Gradually Amparo started to drift off in the warmth of the California afternoon with the cool Pacific breeze caressing her and in her ears the pleasant whirrings of the washing machine, the dryer and the dishwasher and the slightly distant sounds of traffic and helicopters. Then, just as she fell asleep there was a screech of tires outside and though there was no thump at the end, she dreamed a thump and she saw again the two old ladies fly strangely through the air and tumble on the hard street.

Amparo awoke with a start.

When Alba answered the phone from the house where she was working that day, Amparo told her about how she had taken Chuck to the zoo for the first time and he was crazy about the rhinoceros he saw, such a strange creature, and couldn’t stop talking about it even later at the pony ride in Los Feliz down near I-5. Amparo now pronounced it “Fee-less.” Nobody in L.A. would know where you were talking about it you said it right. She meant to come right out and tell Alba about the accident first thing, but instead she told Alba how Chuck had been riding the pony, nearly slipping off the saddle, and she saw a man there wearing sunglasses and watching his own son riding a pony. He seemed like a man who really liked seeing his little boy have fun. Later when Amparo was getting Chuck down off his pony, the man was doing the same with his boy. Amparo had to say something.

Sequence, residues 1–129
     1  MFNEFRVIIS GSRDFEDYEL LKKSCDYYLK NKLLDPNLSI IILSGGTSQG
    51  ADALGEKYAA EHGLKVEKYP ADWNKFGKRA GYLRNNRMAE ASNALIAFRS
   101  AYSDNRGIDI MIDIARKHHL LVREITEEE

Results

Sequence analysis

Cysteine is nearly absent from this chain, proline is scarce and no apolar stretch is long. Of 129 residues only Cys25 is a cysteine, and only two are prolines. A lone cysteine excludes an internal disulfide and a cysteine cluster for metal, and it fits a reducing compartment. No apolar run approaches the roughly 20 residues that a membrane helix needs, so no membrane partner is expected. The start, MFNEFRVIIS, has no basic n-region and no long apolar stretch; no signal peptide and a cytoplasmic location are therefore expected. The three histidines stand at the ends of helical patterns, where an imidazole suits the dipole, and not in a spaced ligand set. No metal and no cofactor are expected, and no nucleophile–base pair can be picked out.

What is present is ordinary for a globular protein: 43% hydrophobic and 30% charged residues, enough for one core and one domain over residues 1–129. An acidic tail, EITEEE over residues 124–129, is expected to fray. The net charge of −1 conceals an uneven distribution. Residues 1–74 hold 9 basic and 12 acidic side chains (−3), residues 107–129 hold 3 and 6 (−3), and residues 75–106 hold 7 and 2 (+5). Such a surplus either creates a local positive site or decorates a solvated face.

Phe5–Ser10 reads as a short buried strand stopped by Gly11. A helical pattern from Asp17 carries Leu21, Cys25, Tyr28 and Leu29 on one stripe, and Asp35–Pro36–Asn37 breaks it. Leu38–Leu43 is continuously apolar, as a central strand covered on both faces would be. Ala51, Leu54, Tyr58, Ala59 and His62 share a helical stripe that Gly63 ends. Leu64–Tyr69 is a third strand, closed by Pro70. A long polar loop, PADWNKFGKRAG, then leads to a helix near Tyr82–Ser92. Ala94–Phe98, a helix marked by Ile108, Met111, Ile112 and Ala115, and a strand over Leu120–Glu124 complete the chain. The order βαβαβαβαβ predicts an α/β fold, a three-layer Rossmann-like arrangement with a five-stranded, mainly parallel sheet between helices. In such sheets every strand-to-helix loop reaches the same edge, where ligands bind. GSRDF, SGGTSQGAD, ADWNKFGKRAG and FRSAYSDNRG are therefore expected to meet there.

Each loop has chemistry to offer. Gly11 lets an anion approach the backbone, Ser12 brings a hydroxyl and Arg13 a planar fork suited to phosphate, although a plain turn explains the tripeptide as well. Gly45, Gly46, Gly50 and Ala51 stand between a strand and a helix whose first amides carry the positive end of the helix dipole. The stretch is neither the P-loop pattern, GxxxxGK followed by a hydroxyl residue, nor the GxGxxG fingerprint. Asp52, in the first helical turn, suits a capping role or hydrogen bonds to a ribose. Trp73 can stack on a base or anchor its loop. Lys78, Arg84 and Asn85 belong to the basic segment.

“You know, you look a lot like John Travolta.”

“That’s because I am John Travolta.”

“No!” she shook her head and hid her grin with her hand.

“Really, I am.”

“You are just kidding me.”

“No, I promise.” He took off his sunglasses and smiled so she could see it really truly was John Travolta. He was so normal and without attitude that she had not believed it at first. Alba was gratifyingly impressed and she and Amparo began discussing the merits of various celebrities. Jessica Lange was another one who was regular. Once Amparo was helping a friend at a house where Jessica was a guest, and Jessica rolled up her sleeves and washed dishes right there with them. Oh, but there were some bitches Amparo could tell about. Like that one today. But Amparo also told about the good ones. That’s why she had to tell her friend Alba about John Travolta. Though Amparo didn’t believe in gossiping, she did believe in letting her other friends who were nannies know what potential employers were like. It was necessary. You never knew who you might end up working for. Over the years Amparo had avoided several bad employers who when they interviewed her treated her so nice, but afterwards she asked her friends and the others and they would tell her how those people really were. Chuck’s mother called Amparo’s friends the “Nanny Network.” Amparo liked where she was now, five days a week with Chuck, babysitting other kids some nights and on weekends.